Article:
Bathsheba Bloomingdales Shmutz, Baron Ezekiel Gideon Rothschild

By Catie Lazarus

Published July 02, 2004, issue of July 02, 2004.
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Bathsheba Bloomingdales Shmutz, 29, and Baron Ezekiel Gideon Rothschild, 69, were married today at the home of Queen Noor in St. Lucia. Rabbi Moishe Gawlshplatz officiated. Mr. Rothschild’s father, Baron Judah Jonah Rothschild, a cantor, participated.

The bridegroom is known as Pish and invented the zipper. He served as the Senior Undersecretary to Presidents Gerald Ford and Lyndon Johnson and the Chief Cultural Attache to President John F. Kennedy. Most recently, as the chairman on the Select Committee on Intelligence, he rewrote the U.S. corporate tax code.

Mr. Rothschild sings soprano in !Zest, the Afro-Jewish barbershop quartet, and is a member of the board of Zouth Ball, a Zionist ballet camp for teenage Ugandan Jews. His paternal grandfather invented the button, and his maternal great-great uncle was the official phrenologist to the Coolidge White House.

Ms. Shmutz is known as Sheebs. She graduated summa cum laude from the Massachusetts School of Technology and, as a Rhodes Scholar, received a joint master’s degree in postmodern poetry and public health at Oxford University. While hang-gliding over the fjords of Tierra del Fuego, she wrote two Booker Prize-winning novellas, “Perspiration” and “Wind” (Samson & Goliath Press). On vacation in Laos, Ms. Shmutz stapled herself to a tree to salvage the nest of the last remaining Pile birds known to exist, for which she received the Clara Barton Medal of Empathy from Greenpeace.

Ms. Shmutz’s father, Shmul Shmutz, is a psychoanalyst and co-chaired the Freudian Society’s Rorschach Subcommittee that arrived at the color black for most of the blots. Her mother, Norma L. Shmutz, an activist, volunteers for Go Freedom Go!, a non-profit organization that supplies flotation devices to Haitian émigrés. Ms. Shmutz’s paternal great-great-great grandfather created long division, and her maternal grandfather invented the “summer sale.”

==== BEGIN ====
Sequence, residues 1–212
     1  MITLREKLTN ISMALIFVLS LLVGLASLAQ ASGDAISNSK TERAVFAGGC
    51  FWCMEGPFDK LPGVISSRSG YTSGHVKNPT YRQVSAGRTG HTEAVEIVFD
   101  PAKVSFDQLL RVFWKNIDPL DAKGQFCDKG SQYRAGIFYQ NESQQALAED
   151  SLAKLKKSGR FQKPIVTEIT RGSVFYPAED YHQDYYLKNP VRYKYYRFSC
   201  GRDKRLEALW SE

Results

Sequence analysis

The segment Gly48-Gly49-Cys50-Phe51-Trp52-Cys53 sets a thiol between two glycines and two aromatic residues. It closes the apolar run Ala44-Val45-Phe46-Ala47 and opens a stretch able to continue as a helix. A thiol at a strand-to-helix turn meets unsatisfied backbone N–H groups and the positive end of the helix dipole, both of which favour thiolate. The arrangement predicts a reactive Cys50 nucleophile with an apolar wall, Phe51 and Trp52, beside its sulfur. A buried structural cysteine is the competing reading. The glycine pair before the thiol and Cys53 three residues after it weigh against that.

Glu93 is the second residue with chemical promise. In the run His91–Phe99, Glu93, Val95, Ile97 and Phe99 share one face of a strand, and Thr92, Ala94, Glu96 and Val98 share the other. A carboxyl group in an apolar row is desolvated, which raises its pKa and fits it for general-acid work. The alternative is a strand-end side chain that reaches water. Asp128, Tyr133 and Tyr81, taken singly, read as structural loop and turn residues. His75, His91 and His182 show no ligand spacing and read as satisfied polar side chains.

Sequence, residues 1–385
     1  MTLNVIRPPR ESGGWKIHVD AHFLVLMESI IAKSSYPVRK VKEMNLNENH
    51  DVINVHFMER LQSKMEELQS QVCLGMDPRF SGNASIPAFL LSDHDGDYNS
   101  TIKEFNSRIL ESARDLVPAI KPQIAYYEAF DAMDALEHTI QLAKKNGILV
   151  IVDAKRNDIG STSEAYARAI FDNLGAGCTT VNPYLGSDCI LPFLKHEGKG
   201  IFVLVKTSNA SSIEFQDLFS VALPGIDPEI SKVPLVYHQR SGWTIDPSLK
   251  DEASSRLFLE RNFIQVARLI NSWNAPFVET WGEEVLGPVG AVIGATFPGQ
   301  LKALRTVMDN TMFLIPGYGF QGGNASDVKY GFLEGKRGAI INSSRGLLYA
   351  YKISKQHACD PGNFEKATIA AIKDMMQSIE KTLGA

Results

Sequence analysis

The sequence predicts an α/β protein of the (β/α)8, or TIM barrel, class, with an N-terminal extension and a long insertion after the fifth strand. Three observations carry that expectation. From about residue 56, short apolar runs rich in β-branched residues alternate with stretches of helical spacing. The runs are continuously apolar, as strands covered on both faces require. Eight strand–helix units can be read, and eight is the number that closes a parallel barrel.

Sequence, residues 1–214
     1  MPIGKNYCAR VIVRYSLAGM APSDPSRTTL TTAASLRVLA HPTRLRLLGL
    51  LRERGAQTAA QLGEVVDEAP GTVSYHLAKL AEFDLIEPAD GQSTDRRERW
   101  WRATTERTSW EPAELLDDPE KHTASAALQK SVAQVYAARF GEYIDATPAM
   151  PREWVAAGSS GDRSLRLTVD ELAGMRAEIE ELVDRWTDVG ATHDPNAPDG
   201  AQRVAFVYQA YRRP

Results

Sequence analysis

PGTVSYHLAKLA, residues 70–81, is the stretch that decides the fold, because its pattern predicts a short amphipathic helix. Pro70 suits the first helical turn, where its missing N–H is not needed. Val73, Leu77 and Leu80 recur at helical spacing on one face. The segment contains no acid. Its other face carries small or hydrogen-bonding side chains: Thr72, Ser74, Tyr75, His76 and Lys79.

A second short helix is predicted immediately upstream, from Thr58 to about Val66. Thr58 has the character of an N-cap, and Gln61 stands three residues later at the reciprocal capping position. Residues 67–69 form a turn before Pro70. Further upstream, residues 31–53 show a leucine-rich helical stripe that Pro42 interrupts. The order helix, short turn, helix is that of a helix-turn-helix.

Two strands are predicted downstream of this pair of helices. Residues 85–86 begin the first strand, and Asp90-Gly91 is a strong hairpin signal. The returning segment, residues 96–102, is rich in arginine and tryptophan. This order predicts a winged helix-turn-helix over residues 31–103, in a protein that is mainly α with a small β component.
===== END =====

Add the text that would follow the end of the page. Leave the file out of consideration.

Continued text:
The couple met four years ago on the Hampton Jitney, the bus between Manhattan and the eponymous summer get-away on Long Island. Mr. Rothschild’s plane was being reupholstered by clothing designer Marc Jacobs, so he boarded the bus known to him as a child as the “maid mobile.” The only unoccupied seat was next to Ms. Shmutz, who was clipping her nails.

It was not until her cuticle nearly sliced his cornea that they actually spoke. Embarrassed, Ms. Shmutz blushed and mustered an “excuse me,” but when her two and his one good eye locked, time stopped. The pair rode the jitney together the entire summer. When Mr. Rothschild confessed to his beloved that he owned his own plane, a g-70, she admitted she did not even have a home in Hamptons.

The bridegroom’s three previous marriages ended in divorce.

Catie Lazarus, a comedienne, is the writer of the forthcoming film “Dream Squashers.”






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